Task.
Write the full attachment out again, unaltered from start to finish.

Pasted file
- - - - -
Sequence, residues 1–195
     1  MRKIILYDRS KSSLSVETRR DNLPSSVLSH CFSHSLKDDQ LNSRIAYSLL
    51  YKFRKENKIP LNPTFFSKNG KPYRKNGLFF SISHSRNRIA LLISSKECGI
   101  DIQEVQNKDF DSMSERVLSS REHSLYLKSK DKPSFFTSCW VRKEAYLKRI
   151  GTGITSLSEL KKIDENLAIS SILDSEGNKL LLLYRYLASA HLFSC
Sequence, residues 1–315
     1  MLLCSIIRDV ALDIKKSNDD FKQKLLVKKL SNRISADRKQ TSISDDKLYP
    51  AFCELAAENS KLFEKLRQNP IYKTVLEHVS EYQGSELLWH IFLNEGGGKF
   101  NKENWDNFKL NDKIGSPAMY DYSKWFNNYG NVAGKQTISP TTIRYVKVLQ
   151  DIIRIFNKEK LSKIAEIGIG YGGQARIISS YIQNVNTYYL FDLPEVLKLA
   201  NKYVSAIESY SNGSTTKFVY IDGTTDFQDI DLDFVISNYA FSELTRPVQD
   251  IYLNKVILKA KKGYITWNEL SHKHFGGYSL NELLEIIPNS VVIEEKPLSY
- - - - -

Sequence, residues 1–195
     1  MRKIILYDRS KSSLSVETRR DNLPSSVLSH CFSHSLKDDQ LNSRIAYSLL
    51  YKFRKENKIP LNPTFFSKNG KPYRKNGLFF SISHSRNRIA LLISSKECGI
   101  DIQEVQNKDF DSMSERVLSS REHSLYLKSK DKPSFFTSCW VRKEAYLKRI
   151  GTGITSLSEL KKIDENLAIS SILDSEGNKL LLLYRYLASA HLFSC
Sequence, residues 1–315
     1  MLLCSIIRDV ALDIKKSNDD FKQKLLVKKL SNRISADRKQ TSISDDKLYP
    51  AFCELAAENS KLFEKLRQNP IYKTVLEHVS EYQGSELLWH IFLNEGGGKF
   101  NKENWDNFKL NDKIGSPAMY DYSKWFNNYG NVAGKQTISP TTIRYVKVLQ
   151  DIIRIFNKEK LSKIAEIGIG YGGQARIISS YIQNVNTYYL FDLPEVLKLA
   201  NKYVSAIESY SNGSTTKFVY IDGTTDFQDI DLDFVISNYA FSELTRPVQD
   251  IYLNKVILKA KKGYITWNEL SHKHFGGYSL NELLEIIPNS VVIEEKPLSY